‘Phoenix’ – a must see movie
By Eleanor Ringel Cater
“Phoenix” reminds me of “The Lives of Others.”
Not because the plot, characters, themes or even tone are similar. But everyone who took a chance on “Others” – a 2006 German film set in East Berlin in the ‘80s – came away incredibly excited and engaged by what they had seen. People I thought would never in a zillion years even give the picture a look couldn’t stop talking about it.
So it is with “Phoenix,” if you’ll just go see it.
Nelly (Nina Hoss, perfection) is herself a sort of phoenix. A concentration camp survivor, she’s risen from the still-smoldering embers of Auschwitz.
Still, she hasn’t come away unscathed. Her face is swathed, mummy-like, in layers of bandages. The disfigurement is so extreme that when an officious border guard demands she remove them (smuggling contraband underneath?), his reaction is a brief muffled “I’m sorry.”
A plastic surgeon says he can make her look like anyone she’d like and names a few famous actresses. She only wants to look like herself. Or as much like herself as possible. He tries to talk her out of it: a new face, a new beginning. But tellingly – in retrospect – she wants the face she had before.
Because she wants the life she had before as well. What kept her alive in the camps was her love for her husband, Johnny (Ronald Zehrfeld), not Jewish and therefore not sent away.
When she finally finds him, he doesn’t recognize her (the surgery could only do so much). But she’s enough like the wife he believes to be dead that he hatches a scheme: he will train this stranger to be his long-lost spouse. To what purpose? So he can claim the considerable wealth she will inherit as her family’s sole survivor.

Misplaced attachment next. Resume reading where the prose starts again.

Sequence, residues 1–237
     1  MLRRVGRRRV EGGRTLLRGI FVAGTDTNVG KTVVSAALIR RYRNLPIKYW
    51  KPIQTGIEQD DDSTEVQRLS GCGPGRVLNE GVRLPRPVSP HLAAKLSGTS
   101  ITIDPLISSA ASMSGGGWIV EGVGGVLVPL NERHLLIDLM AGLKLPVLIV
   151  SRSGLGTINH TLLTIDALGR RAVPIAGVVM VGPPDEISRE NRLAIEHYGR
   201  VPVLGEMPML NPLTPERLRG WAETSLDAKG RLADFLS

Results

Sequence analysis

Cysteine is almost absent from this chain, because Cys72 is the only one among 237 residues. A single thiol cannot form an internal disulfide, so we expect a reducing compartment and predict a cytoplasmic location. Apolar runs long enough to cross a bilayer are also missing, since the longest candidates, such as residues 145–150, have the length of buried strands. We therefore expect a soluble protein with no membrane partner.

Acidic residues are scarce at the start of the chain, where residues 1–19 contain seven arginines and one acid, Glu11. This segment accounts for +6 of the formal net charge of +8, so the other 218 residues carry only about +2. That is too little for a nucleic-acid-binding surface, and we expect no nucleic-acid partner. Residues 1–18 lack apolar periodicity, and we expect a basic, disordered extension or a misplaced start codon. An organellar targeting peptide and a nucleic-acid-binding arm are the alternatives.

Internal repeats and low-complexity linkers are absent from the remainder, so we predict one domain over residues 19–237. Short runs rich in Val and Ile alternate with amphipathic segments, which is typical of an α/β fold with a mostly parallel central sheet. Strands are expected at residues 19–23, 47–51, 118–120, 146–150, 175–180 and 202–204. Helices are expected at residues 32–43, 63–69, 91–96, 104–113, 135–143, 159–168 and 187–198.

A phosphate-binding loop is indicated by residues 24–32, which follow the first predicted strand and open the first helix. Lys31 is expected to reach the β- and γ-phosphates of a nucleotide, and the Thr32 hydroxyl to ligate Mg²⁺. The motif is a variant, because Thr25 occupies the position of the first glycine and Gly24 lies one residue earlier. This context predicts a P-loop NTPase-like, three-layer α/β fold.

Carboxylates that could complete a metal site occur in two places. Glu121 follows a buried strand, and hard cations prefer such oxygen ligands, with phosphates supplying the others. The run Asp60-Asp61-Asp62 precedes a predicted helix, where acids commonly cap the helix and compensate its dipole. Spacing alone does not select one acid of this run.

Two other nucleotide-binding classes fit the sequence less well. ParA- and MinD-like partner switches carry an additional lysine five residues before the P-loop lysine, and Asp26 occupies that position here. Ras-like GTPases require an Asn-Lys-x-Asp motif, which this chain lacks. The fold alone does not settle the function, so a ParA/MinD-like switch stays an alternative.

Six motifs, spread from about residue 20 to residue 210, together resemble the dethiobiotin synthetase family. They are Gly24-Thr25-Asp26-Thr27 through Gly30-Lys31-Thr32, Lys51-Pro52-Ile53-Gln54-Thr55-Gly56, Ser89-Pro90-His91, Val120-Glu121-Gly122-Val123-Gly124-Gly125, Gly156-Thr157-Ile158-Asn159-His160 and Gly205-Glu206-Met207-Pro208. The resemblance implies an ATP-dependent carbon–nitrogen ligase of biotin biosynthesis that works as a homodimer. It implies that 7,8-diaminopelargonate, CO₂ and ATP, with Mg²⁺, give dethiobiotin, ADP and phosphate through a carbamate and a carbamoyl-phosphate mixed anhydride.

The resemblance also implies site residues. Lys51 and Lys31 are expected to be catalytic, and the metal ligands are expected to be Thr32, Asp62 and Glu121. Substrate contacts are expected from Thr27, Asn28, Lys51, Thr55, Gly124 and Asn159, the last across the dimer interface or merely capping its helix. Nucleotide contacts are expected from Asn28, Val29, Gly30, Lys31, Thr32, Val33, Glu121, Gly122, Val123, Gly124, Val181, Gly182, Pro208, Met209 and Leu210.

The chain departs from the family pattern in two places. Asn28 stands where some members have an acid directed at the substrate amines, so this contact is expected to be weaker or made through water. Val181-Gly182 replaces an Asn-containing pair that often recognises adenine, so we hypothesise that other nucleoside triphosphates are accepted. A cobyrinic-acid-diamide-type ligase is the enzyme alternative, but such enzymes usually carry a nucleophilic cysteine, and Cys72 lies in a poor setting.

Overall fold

This is “Vertigo” territory, but with an insidious twist. The greedy arrogant Johnny is training Nelly to be herself. And she decides to go along with it. The film becomes a hall of mirrors, reflections within deceptions, building to a final scene that’s as memorable as it is haunting.
Director Christian Petzold juggles so many complex themes here – identity, betrayal, loyalty, guilt, denial – yet he never loses his cool.
“Phoenix” has the look and feel of an exceedingly perverse film noir. In one remarkable scene, we glimpse the ward where Nelly has been sent for her surgery. The corridors are full of mummies – faces wrapped, but eyes that burn. Here are the true walking dead.
Outside, there is Berlin, reduced to rubble, echoing the shattered remains of those who survived the Final Solution, as well as those who chose to turn a blind eye to horror. Or maybe even helped it along.